Pittsburgh is a city in Western Pennsylvania, United States, and the county seat of Allegheny County. Until the later part of the 20th century, it was a major industrial city, a mainstay of the American economy.

Pittsburgh in Joe SteeleEdit

Mike Sullivan wondered why Pennsylvania located its capital in Harrisburg, when Philadelphia and Pittsburgh were much larger and more notable cities[1].

Pittsburgh in Southern VictoryEdit

Pittsburgh was the setting for a major battle between the Confederate States and the United States in 1942-3, during the Second Great War. The battle left the city a broken ruin, but halted the Confederate offensive and proved a decisive victory for the U.S.

Pittsburgh in 1920

Pittsburgh in State of JeffersonEdit

Reggie Pesky was from Pittsburgh. Occasionally he would lapse into Pittsburgh slang, such as saying "yunz" for "you all." He explained to Jefferson Governor Bill Williamson that people who spoke like this were called "yunzers."[2]

Pittsburgh in The Two GeorgesEdit

Governor-General Sir Martin Luther King made a speech in Pittsburgh following the theft of The Two Georges, pledging every possible effort to recover the painting.[3]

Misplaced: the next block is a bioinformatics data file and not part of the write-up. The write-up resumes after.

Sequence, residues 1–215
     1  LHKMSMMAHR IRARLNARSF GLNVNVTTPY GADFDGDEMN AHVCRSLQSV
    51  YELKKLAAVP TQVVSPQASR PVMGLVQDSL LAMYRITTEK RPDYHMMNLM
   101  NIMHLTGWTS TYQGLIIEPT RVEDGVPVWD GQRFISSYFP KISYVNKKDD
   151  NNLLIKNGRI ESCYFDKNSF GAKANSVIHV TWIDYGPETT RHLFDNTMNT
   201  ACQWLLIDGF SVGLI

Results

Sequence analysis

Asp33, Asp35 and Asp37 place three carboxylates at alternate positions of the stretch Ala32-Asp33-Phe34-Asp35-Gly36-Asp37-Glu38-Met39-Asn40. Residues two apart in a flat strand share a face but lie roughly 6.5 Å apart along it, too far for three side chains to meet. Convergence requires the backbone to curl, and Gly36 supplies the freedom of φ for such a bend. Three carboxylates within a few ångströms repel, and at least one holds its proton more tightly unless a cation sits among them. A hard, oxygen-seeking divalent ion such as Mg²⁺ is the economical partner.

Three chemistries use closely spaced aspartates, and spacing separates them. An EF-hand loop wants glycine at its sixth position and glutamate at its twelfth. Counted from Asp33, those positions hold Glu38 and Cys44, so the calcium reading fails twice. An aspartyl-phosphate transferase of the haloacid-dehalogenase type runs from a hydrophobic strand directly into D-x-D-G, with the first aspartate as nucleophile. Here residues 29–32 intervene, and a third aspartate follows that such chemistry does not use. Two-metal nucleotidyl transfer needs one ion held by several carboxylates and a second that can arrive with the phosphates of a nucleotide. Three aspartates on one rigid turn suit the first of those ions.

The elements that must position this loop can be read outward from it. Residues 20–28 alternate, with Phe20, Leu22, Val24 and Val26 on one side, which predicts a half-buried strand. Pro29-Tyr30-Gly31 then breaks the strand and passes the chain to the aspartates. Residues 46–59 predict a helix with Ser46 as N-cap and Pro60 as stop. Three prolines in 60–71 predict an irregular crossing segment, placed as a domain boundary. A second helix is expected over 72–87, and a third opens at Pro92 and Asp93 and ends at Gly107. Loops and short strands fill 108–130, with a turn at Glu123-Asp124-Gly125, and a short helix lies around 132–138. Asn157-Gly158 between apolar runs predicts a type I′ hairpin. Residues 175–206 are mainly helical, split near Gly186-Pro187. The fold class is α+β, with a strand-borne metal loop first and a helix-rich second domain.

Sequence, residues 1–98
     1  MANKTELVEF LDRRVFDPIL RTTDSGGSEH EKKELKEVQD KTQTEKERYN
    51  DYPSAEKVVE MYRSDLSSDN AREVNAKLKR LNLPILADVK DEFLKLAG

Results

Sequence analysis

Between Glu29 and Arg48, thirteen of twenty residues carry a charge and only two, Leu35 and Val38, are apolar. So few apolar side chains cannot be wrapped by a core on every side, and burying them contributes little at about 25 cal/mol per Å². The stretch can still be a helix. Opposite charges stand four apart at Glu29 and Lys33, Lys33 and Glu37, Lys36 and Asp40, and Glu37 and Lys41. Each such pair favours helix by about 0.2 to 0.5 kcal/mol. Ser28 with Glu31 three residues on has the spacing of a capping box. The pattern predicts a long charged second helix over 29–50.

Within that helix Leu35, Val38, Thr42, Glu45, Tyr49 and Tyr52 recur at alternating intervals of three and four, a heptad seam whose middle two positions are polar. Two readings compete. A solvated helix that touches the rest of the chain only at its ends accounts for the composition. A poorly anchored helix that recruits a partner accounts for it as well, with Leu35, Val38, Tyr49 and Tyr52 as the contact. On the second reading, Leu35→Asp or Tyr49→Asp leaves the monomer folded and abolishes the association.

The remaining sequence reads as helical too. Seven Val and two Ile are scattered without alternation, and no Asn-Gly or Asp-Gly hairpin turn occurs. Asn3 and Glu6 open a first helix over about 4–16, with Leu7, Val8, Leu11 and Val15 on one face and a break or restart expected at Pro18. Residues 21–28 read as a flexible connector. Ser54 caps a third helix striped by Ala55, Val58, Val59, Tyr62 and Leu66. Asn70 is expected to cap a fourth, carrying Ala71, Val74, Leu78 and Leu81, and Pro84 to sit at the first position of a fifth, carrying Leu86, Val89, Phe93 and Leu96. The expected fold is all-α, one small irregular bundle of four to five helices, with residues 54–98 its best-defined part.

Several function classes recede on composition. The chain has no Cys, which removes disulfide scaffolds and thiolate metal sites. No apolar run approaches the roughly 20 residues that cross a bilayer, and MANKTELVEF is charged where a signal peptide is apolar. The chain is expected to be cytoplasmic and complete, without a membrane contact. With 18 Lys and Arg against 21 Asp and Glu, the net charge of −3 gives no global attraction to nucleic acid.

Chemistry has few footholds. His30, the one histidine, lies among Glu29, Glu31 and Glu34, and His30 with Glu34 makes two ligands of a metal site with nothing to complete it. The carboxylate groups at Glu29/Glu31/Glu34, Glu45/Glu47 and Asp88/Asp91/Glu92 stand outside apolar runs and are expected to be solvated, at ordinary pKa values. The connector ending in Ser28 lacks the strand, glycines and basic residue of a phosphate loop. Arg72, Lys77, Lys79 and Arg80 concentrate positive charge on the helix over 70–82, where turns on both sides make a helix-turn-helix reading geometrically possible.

While Thomas Bushell was in pursuit of the same painting, his train made a stop in Pittsburgh, en route from Doshoweh to Charleroi. The city, heart of Pennsylvania's industrial region, had an atmosphere which made New Liverpool air look and smell clean by comparison.[4]

Pittsburgh in WorldwarEdit

When the Race landed in mid 1942, they ran rampant across the United States, reaching as far as Pittsburgh. When Jens Larssen heard the city had fallen he wasn't surprised, but it was still like a kick to the guts anyway.

Decatur Commodore and guerrilla fighter Bobby Fiore was from Pittsburgh, where his cousin ran a bakery.


  1. Joe Steele, pg. 13
  2. "Typecasting".
  3. The Two Georges, pg. 71, HC.
  4. Ibid., pg. 199-200, HC.
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